The Hollifield Leadership Center on Lake Hickory, owned by North Carolina Baptists since 2000, will become the home for a new ministry to troubled boys in 2014. A branch of worldwide Teen Challenge is purchasing the property for a ministry to be known as North Carolina Boy’s Academy (NCBA).
John Steigerwald, executive director of NCBA, believes God has led him to the 30-acre property. He said it is an ideal location for the organization’s vision.
John Steigerwald, seen here with his wife, Deralyn, is the executive director of North Carolina Boy’s Academy.
Boys from all walks of society will spend 12 to 15 months in a customized, life-changing program that is biblically based. “The boys can come from an under-resourced family; they can come from an affluent family,” he said. The target group is “boys that have behavioral issues; boys that have truancy issues; boys that are experimenting with drugs or alcohol – it could be any young man who has difficulty growing and discovering what it means to be a young man.
“We’ll do assessments on them before they enter the program, develop a relationship with them, introduce them to Jesus, disciple them into a biblical image of masculinity and manhood, give them the tools to grow and discover who God has designed them to be and help them recognize they have a purpose in life.”
The NCBA ministry started earlier this year in March when Steigerwald sensed God’s call to start a boy’s academy in the central portion of Western N.C.
“In my mind I thought we needed access to a lake [for fishing and other water activities], so I wanted it to be somewhere in the Troutman area,” he said. “My strategic plan called for a location south of [Interstate] 40 and north of Charlotte, somewhere along the I-77 corridor.”
In a discussion with a pastor in the Mooresville area, Steigerwald asked the pastor if he knew of any properties for sale that could be used for the boy’s academy. The pastor replied, “Yes, there’s one on Lake Hickory. We have held staff retreats on property owned by the [Baptist State Convention].”
“My brilliant follow-up question was, ‘Is it north of 40 or south of 40?’”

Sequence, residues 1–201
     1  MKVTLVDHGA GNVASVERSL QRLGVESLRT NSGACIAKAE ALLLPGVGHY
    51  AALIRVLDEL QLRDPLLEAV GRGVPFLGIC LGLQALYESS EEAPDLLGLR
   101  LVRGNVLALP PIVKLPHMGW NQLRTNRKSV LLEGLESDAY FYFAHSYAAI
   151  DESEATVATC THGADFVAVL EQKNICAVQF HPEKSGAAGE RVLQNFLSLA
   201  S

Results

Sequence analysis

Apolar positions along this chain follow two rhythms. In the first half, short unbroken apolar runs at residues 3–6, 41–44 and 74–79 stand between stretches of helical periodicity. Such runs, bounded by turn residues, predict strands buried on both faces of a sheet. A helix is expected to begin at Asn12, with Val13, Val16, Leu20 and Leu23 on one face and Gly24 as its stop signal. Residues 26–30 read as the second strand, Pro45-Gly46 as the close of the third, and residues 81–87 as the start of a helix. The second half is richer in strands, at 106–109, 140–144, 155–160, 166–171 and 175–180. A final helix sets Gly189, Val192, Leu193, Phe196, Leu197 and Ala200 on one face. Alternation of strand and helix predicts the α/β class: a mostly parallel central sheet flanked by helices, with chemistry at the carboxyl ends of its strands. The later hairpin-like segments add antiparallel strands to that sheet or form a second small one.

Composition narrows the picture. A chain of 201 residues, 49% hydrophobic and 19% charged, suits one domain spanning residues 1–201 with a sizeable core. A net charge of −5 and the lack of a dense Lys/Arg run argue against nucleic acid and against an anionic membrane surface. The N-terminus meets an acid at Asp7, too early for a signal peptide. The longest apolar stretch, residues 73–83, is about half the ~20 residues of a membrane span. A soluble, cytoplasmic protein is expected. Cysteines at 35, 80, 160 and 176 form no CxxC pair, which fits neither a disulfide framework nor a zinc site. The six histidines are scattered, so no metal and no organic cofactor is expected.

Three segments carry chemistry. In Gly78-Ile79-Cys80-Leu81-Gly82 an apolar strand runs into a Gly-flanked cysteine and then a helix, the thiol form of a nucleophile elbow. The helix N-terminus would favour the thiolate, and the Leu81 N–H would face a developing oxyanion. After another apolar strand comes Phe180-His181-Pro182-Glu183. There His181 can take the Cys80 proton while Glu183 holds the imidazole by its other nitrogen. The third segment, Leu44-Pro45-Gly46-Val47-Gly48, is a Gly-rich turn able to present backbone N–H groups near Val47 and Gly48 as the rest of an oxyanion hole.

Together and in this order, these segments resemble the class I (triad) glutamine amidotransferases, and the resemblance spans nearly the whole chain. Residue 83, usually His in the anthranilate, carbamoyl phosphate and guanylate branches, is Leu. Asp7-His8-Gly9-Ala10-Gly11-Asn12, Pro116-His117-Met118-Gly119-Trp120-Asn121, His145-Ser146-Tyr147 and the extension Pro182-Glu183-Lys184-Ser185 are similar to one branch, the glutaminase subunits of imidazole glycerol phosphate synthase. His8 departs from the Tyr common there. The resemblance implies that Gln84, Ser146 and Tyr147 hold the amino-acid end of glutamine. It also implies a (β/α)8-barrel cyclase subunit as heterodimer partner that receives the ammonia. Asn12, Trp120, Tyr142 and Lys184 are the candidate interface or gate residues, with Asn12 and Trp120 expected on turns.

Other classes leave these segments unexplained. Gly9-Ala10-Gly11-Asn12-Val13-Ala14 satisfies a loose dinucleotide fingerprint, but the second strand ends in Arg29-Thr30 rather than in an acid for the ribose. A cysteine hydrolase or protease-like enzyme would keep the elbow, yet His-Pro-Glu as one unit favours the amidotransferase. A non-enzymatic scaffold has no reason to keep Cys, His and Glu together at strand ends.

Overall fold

Steigerwald said his friend told him the property was north of Interstate 40, which caused him to “mentally dismiss it” because he preferred the property to be south of Interstate 40. But the property would not leave his mind. “I didn’t know the name of it, but I thought, how difficult would it be to find out the name of property on Lake Hickory owned by the Baptist convention?” Within a few minutes of surfing the Internet, he was able to identify the property as Hollifield Leadership Center.
“When I looked at the pictures on the website, it was absolutely beautiful. … I thought for sure, certainly these guys have ‘photoshopped’ these pictures! I called a couple of friends, told them about the property and said, let’s go down … and see if it is all that it is marketed to be.”
Steigerwald met the real estate agent and Larry Phillips, director of Hollifield Center. “Larry gave us a tour of the property, and we thought to ourselves, ‘Wow, this is an ideal setting,’” he said.
After negotiations with John Butler, the convention’s executive leader for business services, they came to agreement on an offer. The Executive Committee of the Baptist State Convention of North Carolina accepted the offer in its July 11 meeting.
BR file photo
One of the features of Hollifield Leadership Center is its proximity to water. The North Carolina Boy’s Academy has purchased the facility and will begin in September 2014 with its first group of boys spending 12 to 15 months in a biblically based program.